It is with regret that I can report that Ian Dymock, QSM, the retired seafarer who tirelessly sought recognition for the Merchant Navy personnel, especially those who served during the Second World War, died at Hutt Hospital on Tuesday 09 June 2015 after a short illness. Ian’s father was also a seafarer serving in the Royal Australian Navy, Union Steam Ship Company as Master and a Port Phillip pilot.
Monday 27 April 2015 Lloyds List
STAYING ON THE LINE by Michael Grey
IT IS called “shutting the stable door after the horse has bolted” and, as a phenomenon, it is as old as humanity itself, signifying the extraordinary precautions people take after an untoward event.
You might think of Hatton Garden the other week, after the safe deposit box heist, awash with the policemen who were sadly absent when they were most needed. In maritime terms, they don’t get much better than Titanic, with lifeboats sprouting on every liner’s boat deck in the following months.
Most readers will be too young to remember the notorious Lady Gwendolencollision in Liverpool Bay, when in 1961, the little Guinness coaster bumped into and sank an anchored tanker in thick fog. It subsequently transpired that the owners of the Guinness ship had failed to give explicit instruction to their master to use his radar and slow down in poor visibility and were thus denied leave to limit their liability and simply blame everything on crew negligence, as they normally would have done.
As collisions went, this was pretty insignificant, with nobody hurt and only two small ships involved; but in terms of the consequences, it was as if two laden liners had collided with vast loss of life. Within days of the judges’ decision, a huge global paperwork explosion took place, with every company dispatching vast quantities of hastily collated instructions, on every conceivable aspect of ship operations, to their fleets.
I can still recall the rage and frustration of our esteemed master as he worked his way through the great wads of paperwork in which was encapsulated what he described as “everything from the pointless to the bleeding obvious”. Up to this date, we had a company “Brains Book” — a single volume of company instructions that we were supposed to read and sign up to, each voyage, in addition to the specific requirements of the master.
Soon the volumes would start to multiply and before long there would be whole bookcases full of important information, which would be held against the guilty individual after an accident. It was called “clearing the yard-arm”, ensuring that the person issuing the instructions had done his part to avoid any subsequent blame, by having this documentary insulation. And all this happened because some bloody-minded old shortsea shipmaster didn’t like turning on his radar.
You might describe the months and years after the Lady Gwendolen judgment as the dawn of the “health and safety” age, with everything that hitherto was left to common sense and the normal practice of seamanship, being spelt out in dismal detail. It has just multiplied from there, to such an extent that even the International Maritime Organization is now starting to question the sheer numbing volume of instructions that delight modern mariners.
Lots of stable doors have been slammed shut and securely closed since those days. Think what the Exxon Valdez spawned in the way of precautions and completely changed tanker construction. Look at the Herald of Free Enterpriseand the International Safety Management Code. After the Costa Concordia loss, you would probably have put money on all sorts of new regulations and precautions coming along, although you wouldn’t have been given very good odds.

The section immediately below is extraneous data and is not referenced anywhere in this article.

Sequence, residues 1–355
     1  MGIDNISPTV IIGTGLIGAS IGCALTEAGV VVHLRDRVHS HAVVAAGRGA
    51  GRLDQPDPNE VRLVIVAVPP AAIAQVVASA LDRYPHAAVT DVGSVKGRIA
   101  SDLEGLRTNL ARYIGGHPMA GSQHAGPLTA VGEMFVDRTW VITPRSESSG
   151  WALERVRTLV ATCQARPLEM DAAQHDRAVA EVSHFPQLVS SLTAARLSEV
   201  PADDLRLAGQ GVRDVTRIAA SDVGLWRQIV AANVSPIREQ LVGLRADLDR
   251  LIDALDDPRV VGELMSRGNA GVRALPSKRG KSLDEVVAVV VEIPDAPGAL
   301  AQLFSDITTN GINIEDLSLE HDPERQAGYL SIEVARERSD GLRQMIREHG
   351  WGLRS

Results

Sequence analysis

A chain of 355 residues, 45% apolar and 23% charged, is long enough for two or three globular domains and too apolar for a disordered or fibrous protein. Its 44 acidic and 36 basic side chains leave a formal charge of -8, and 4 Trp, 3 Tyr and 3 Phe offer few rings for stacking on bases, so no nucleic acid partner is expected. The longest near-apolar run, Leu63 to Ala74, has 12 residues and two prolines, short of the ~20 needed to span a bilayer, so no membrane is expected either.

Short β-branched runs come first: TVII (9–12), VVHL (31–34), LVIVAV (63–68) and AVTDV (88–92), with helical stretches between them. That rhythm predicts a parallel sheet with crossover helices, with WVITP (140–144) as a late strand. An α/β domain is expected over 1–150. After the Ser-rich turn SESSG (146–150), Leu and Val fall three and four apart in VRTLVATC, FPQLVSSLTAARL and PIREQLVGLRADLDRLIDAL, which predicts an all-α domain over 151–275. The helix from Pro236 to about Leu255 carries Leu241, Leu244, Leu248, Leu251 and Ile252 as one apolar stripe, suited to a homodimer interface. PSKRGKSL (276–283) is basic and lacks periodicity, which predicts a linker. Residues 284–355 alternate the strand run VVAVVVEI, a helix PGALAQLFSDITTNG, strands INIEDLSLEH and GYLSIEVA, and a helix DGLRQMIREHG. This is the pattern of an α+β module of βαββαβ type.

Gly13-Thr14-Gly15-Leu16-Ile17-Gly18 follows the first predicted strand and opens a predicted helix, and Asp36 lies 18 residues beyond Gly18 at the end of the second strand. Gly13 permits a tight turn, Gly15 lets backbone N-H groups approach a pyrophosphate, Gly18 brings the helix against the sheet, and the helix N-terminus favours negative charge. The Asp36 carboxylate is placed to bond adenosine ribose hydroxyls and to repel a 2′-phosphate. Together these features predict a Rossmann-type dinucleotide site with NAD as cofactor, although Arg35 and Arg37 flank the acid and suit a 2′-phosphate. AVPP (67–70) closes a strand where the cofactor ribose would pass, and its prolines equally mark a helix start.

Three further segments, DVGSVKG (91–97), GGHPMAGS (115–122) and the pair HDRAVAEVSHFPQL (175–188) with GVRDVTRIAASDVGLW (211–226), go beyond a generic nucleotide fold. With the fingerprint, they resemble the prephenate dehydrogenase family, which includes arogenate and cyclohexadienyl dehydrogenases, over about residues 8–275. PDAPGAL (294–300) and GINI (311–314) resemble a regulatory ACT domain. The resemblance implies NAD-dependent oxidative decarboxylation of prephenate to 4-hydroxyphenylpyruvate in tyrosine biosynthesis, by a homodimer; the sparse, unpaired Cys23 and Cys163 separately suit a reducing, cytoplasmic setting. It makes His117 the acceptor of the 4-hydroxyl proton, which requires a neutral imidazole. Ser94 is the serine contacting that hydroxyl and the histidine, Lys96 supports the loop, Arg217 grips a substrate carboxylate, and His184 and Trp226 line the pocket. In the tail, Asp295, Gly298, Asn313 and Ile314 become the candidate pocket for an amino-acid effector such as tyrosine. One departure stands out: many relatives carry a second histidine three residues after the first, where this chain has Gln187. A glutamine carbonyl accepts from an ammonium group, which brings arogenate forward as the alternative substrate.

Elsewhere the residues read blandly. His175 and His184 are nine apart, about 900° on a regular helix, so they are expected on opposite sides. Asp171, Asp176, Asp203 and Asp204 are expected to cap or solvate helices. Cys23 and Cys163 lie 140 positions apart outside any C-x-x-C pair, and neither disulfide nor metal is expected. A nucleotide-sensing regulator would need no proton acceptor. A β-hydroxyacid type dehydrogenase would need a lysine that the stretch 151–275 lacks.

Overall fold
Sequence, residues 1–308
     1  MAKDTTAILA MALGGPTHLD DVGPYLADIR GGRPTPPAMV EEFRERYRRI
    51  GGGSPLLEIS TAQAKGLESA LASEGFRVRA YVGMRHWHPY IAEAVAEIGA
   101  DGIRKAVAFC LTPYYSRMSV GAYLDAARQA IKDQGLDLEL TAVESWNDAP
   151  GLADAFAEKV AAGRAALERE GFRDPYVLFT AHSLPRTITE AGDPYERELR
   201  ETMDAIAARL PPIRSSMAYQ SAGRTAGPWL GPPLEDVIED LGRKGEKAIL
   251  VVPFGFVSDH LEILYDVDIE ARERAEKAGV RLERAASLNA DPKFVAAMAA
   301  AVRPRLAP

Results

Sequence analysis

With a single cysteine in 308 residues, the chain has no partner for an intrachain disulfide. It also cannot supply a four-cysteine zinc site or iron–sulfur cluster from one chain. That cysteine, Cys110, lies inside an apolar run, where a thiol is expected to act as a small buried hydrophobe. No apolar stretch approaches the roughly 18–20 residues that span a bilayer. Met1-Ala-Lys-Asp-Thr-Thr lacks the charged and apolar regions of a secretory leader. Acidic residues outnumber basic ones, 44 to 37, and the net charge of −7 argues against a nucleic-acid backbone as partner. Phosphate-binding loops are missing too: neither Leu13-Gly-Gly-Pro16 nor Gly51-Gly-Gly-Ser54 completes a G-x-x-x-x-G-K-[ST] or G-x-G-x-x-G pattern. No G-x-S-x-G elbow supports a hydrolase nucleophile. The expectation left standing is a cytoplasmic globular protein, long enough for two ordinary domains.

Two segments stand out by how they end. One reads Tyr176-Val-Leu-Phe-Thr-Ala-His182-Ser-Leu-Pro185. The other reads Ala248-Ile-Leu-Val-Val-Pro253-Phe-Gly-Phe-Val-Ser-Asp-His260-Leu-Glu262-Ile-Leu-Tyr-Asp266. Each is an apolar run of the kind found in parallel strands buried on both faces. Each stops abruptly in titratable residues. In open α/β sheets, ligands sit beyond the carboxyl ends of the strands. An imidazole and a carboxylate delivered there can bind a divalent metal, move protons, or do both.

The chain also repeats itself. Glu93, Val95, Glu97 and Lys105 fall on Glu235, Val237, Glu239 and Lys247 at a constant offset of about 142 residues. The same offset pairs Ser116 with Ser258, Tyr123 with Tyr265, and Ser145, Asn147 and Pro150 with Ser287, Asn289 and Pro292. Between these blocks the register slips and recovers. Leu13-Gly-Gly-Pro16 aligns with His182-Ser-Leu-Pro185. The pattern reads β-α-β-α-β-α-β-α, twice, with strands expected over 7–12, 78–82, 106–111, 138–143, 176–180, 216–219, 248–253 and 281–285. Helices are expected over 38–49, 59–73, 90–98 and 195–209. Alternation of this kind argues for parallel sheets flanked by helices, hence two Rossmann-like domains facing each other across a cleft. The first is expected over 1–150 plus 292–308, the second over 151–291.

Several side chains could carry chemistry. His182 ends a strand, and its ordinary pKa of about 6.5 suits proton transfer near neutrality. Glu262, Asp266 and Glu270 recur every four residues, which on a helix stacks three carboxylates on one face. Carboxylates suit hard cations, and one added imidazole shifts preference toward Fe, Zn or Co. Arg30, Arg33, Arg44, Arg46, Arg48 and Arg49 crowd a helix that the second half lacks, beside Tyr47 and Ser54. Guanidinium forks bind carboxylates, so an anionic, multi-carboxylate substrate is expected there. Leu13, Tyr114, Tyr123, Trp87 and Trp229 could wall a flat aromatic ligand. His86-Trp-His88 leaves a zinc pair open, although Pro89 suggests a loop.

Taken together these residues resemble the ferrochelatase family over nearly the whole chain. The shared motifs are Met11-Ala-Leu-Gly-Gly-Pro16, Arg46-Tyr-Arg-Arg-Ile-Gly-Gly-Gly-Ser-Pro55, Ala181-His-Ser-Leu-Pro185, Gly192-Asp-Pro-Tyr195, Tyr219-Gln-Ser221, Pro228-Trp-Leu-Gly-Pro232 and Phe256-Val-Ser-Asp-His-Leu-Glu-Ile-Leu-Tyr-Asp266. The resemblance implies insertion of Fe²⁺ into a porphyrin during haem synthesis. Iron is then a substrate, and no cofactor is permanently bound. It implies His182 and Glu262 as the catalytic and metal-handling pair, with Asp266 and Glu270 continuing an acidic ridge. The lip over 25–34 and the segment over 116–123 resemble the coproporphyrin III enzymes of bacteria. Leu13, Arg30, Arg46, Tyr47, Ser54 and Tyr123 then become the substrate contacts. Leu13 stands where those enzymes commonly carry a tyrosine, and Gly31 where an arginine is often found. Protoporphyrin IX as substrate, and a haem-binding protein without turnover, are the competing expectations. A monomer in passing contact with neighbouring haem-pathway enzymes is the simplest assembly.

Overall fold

I have been reading the latest edition of the Royal Institute of Navigation’s excellent online journal Fairway, which tells its readers that since the facts became known about the loss of the Italian cruiseship, some owners have taken to “micro-managing” the navigation of their ships to an astonishing extent.
Communications are making this online scrutiny possible in a way that has never been available before; all it takes is for a ship to divert from the electronic course-line by half a mile, an alarm rings in Head Office and the master is being angrily questioned by some superior on his mobile phone!
As with all these things, people go to ridiculous extremes and common sense flies out of the window in the aftermath of an accident, as people go overboard demonstrating their extraordinary zeal.
I know we have a generation of people who regard a diversion from the computerised course-line something they should avoid at all costs and shout over the VHF at “stand-on” ships, but this is just barking mad. What about the Collision Regulations and necessary course alterations, which ought to ensure that ships keep well clear of each other as they abide by the rules?
The RIN points out that slow steaming is prescribed by the Gods in Head Office and if the ship alters its engine speed, for such a reason as not being able to maintain steerage way at such a low speed, or because of the visibility, or the density of traffic, there is an instant inquiry and the master is given a hard time.
The RIN’s Safety of Navigation group thinks this nonsense should be stopped forthwith and I imagine there will be plenty of practising navigators who would agree with this view.
I know that before that fine company ceased to exist, we used to laugh at friends who navigated Blue Funnel and Glen Line ships, as their routes were prescribed for them and charts taken ashore at the end of a voyage to see that they had not strayed unduly from the line.
But Blue Flu still self-insured its ships in those days, so there was arguably more at stake, whereas we were free to range all over the ocean at the master’s pleasure.
However, this latest flurry of post-accident micro-managing is something else — and if you treat professionals as idiots, that is exactly who you will be soon employing.